Turkey surrounded a U.S.-NATO base Saturday, calling the inflammatory move a “safety inspection.”
Elements of the Turkish military closed entrances and exits at the U.S.-NATO airbase at Incrilik. Turkish Minister for European Affairs provided the “safety inspection” comment to local Turkish media Sunday, and is the only senior Turkish official to comment on the incident. Turkish paper Hurriyet reported police were deploying “riot police” around the base in order to take “precautions.”
The move came days ahead of a high level visit Monday by U.S. Chairman of the Joint Chiefs General Joseph Dunford to the airbase at Incrilik. Incirlik is a critical U.S. airbase for air operations against Islamic State, and houses several U.S. nuclear weapons. The provocative action is likely a response to comments by U.S. Army General Joseph Votel that Turkey was imprisoning many of the most effective military commanders in the fight against ISIS, in its response to the failed July 15 coup.
Secular elements of the Turkish military attempted a coup against Turkish President Recep Tayyip Erdogan, alleging the Turkish president was amassing too much power and becoming too Islamist. Director of National Intelligence Eric Clapper concurred with Votel, telling an audience “many of our interlocutors have been purged or arrested. There’s no question that this is going to set back and make more difficult” the U.S.’s Middle East strategy.”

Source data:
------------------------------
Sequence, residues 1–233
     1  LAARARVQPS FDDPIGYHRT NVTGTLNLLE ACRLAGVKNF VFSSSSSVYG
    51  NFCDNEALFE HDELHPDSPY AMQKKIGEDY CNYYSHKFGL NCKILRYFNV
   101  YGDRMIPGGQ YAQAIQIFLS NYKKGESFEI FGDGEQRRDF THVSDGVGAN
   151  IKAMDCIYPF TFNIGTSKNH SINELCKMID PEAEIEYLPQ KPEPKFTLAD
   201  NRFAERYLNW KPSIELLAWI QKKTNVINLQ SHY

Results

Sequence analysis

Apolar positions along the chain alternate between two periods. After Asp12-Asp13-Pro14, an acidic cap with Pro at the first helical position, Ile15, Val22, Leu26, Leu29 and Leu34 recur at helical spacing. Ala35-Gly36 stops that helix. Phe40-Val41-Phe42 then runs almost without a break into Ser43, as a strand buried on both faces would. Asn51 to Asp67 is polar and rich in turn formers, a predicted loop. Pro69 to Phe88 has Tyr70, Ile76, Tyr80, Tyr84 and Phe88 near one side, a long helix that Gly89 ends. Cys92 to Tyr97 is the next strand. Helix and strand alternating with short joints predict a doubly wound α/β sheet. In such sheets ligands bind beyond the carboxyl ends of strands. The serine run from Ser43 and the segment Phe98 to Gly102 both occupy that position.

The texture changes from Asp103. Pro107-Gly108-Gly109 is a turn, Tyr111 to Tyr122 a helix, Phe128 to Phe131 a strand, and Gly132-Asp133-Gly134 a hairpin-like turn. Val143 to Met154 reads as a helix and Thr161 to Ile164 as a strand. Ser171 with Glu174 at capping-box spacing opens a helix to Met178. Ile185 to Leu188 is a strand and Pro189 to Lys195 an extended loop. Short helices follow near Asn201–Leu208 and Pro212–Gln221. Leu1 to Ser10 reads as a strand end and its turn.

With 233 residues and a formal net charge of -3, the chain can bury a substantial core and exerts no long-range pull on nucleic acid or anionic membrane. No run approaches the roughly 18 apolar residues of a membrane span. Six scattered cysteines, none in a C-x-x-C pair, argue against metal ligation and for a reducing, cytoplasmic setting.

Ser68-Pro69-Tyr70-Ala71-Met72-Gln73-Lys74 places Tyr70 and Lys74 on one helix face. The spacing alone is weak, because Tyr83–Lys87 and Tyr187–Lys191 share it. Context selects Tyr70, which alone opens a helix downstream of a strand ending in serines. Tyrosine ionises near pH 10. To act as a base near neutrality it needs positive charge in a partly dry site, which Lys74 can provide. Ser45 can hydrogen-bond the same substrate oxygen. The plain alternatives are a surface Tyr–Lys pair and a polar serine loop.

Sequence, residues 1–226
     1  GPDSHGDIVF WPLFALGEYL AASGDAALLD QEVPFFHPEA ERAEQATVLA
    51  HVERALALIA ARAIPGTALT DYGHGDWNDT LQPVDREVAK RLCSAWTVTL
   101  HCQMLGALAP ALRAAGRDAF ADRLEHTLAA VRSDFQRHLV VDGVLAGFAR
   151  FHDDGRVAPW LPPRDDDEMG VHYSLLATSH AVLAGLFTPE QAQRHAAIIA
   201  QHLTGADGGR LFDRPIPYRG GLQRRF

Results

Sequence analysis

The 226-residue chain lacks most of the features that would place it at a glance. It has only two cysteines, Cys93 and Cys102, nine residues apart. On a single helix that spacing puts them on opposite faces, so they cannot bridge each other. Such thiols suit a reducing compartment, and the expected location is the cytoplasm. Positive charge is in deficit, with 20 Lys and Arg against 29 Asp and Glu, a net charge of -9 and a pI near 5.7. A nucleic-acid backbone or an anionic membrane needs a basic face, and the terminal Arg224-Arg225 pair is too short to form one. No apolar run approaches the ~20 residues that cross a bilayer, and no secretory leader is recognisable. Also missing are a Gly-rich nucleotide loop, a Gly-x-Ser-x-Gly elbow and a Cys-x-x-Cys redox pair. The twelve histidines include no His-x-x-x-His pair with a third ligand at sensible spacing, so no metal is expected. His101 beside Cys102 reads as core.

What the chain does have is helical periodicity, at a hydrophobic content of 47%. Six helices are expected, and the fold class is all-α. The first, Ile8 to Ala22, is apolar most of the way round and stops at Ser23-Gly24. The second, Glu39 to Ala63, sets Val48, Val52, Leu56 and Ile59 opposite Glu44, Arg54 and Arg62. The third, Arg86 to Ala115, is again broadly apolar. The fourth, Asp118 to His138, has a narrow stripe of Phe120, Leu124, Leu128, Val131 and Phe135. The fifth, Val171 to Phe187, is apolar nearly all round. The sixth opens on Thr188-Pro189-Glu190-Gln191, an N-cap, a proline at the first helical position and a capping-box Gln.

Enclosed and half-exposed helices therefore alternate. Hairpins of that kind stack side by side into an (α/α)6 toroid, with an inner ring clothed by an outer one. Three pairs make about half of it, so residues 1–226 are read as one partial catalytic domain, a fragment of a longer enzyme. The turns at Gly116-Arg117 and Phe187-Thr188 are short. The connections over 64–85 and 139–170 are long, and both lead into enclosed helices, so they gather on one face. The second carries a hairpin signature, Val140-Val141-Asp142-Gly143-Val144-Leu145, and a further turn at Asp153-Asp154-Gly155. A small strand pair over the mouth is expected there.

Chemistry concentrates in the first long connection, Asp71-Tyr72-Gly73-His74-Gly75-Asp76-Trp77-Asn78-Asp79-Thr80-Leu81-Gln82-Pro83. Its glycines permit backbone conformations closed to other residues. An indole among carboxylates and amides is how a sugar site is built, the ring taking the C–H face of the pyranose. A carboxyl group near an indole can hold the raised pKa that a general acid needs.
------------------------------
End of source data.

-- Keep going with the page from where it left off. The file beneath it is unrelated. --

The cut off of Incrilik airbase is the second times in recent weeks that Turkey has been willing to hold the airbase hostage in return for favorable policies or rhetoric from the U.S. In the immediate week after the coup, Turkey cut off the power to Incrilik airbase for nearly a week, prompting concern among U.S. policymakers.
Turkey shares a border with Syria and is a linchpin in the U.S. strategy to defeat ISIS. Use of Turkey’s Incrilik airbase to launch airstrikes is key in this strategy, as is Erdogan’s assistance in shutting off the Turkish-Syrian border.
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